If Microsoft is successful, it would end up killing native development for Android and iOS, because it could force Apple and Google to come up with similar solutions. They won’t own their developer platform as they used to, but at least nobody will own it.

Of course, if they succeed in making HTML5 the main technology for native client-side apps in all Operating Systems, it will also mean we’ll be able to use that technology for building native apps for Windows Phones…

Does all of this means client .NET is ‘dead’? Depending on your definition of ‘dead’.


  • This is not a totally new idea... Chrome OS is basically doing the same when it comes to UI. Difference with Windows 8 is that it is cloud centric.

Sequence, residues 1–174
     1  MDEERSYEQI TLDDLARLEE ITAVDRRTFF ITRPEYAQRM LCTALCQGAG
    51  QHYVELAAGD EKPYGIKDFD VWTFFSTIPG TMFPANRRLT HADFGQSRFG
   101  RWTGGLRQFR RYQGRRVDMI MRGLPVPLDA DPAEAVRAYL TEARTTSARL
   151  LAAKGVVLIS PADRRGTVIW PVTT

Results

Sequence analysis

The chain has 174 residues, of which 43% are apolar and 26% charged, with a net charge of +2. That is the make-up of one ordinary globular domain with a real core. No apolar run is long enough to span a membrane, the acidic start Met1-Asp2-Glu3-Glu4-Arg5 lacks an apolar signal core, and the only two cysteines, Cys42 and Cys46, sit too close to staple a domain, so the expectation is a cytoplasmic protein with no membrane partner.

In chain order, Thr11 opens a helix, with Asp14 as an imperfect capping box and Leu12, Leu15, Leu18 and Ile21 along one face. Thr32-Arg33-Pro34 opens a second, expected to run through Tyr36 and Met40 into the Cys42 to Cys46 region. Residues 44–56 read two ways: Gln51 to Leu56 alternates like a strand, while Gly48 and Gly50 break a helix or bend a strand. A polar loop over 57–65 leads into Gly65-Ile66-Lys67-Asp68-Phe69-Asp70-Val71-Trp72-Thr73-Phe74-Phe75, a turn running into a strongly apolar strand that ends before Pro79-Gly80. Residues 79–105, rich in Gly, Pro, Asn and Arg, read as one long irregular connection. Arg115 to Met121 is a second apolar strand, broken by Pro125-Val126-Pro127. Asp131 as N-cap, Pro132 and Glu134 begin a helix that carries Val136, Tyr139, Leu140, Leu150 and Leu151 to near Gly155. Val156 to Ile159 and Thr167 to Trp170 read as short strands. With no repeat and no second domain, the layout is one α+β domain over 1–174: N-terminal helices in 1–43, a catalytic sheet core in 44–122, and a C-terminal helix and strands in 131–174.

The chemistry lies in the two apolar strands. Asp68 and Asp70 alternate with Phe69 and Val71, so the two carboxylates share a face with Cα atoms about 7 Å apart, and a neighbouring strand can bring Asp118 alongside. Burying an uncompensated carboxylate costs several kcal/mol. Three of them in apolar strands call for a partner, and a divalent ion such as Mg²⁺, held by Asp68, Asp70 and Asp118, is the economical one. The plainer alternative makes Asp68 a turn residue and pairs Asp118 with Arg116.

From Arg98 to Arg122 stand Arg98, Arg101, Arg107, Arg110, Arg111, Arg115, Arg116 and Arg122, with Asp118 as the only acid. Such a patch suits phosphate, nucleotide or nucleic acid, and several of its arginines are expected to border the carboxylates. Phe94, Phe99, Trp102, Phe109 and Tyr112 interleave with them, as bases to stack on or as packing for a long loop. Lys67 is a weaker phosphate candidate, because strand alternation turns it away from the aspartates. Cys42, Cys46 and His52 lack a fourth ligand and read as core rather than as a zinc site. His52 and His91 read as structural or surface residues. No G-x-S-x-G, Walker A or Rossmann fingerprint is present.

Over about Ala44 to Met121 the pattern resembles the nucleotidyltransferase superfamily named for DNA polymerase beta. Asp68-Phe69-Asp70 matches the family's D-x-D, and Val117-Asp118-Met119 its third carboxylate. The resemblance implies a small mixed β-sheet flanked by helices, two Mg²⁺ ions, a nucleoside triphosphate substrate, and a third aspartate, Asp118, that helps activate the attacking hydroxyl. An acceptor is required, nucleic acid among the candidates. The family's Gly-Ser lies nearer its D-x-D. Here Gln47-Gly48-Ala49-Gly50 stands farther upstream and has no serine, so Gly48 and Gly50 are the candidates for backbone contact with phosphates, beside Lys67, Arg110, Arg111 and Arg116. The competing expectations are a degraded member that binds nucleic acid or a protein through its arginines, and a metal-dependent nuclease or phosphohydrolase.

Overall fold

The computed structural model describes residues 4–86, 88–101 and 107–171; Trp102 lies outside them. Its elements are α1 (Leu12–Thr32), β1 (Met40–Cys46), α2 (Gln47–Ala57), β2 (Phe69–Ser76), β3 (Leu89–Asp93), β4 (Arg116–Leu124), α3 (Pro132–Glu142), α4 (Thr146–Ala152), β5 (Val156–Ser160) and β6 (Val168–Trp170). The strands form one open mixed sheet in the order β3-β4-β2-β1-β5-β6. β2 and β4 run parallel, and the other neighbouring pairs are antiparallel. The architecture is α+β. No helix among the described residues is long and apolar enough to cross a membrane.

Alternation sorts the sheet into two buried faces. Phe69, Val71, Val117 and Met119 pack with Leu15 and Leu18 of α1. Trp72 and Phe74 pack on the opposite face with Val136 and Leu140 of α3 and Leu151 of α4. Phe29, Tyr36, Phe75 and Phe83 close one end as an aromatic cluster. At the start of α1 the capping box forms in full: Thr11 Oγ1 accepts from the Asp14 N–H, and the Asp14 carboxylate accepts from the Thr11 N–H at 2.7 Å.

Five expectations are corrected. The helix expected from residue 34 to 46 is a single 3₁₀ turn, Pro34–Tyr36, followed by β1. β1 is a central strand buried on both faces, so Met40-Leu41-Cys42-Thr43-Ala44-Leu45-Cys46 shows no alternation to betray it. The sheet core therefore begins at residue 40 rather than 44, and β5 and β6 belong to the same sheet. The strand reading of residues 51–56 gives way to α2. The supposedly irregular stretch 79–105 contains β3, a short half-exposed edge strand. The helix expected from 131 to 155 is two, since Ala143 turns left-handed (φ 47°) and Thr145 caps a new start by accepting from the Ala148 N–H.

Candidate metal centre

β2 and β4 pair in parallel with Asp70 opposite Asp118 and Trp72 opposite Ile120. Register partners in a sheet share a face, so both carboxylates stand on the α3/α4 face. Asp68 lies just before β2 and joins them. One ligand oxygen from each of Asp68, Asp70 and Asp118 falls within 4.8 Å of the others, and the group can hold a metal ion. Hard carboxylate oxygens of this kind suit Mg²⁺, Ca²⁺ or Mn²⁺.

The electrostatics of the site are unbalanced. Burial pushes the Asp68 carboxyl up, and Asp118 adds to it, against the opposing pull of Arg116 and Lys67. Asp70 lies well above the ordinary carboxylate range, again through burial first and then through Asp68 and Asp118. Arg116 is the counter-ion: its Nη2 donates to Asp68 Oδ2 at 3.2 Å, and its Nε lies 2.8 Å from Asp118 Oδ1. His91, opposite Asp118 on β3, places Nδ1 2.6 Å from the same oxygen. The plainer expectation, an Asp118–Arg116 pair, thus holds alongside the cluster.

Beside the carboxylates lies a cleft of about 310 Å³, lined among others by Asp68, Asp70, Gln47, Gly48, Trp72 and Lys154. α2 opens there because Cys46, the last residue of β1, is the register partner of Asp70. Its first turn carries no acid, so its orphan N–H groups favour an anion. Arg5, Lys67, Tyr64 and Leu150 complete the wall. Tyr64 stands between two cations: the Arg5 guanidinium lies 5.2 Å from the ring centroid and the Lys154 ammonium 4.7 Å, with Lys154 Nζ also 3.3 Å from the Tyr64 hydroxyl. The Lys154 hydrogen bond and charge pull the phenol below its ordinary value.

As a developer I'm not so happy about this, if it means we have to go JavaScript/HTML5 and lose a lot of the Visual Studio programming sweetness.

    But to use a chess metaphor, Microsoft lost all it's pawn/knights/etc and is now bringing in it's queen to war. Very risky.

  • "Depending on your definition of ‘dead’."

    Only if you define 'dead' as 'alive and well'.

    Just because they've added "web-powered apps" to Windows doesn't mean that client .NET development is dead, any more that the addition of .NET meant that C++ was dead.

  • This is just ridiculous. The existing not-small majority of Windows-centric developers do not want this.

    Web devs use HTML/CSS/JS ducktape because they're forced to and that's the only reason.

    If .Net (WPF/Silverlight) apps are not first class apps on this net platform, then either nobody is going to develop for the new interface or devs are just going to start jumping ship faster than they already are.

  • Look at it this way:

    Microsoft Office is one of MS's flagship products. It's written in C++, and that's not likely to change any time soon.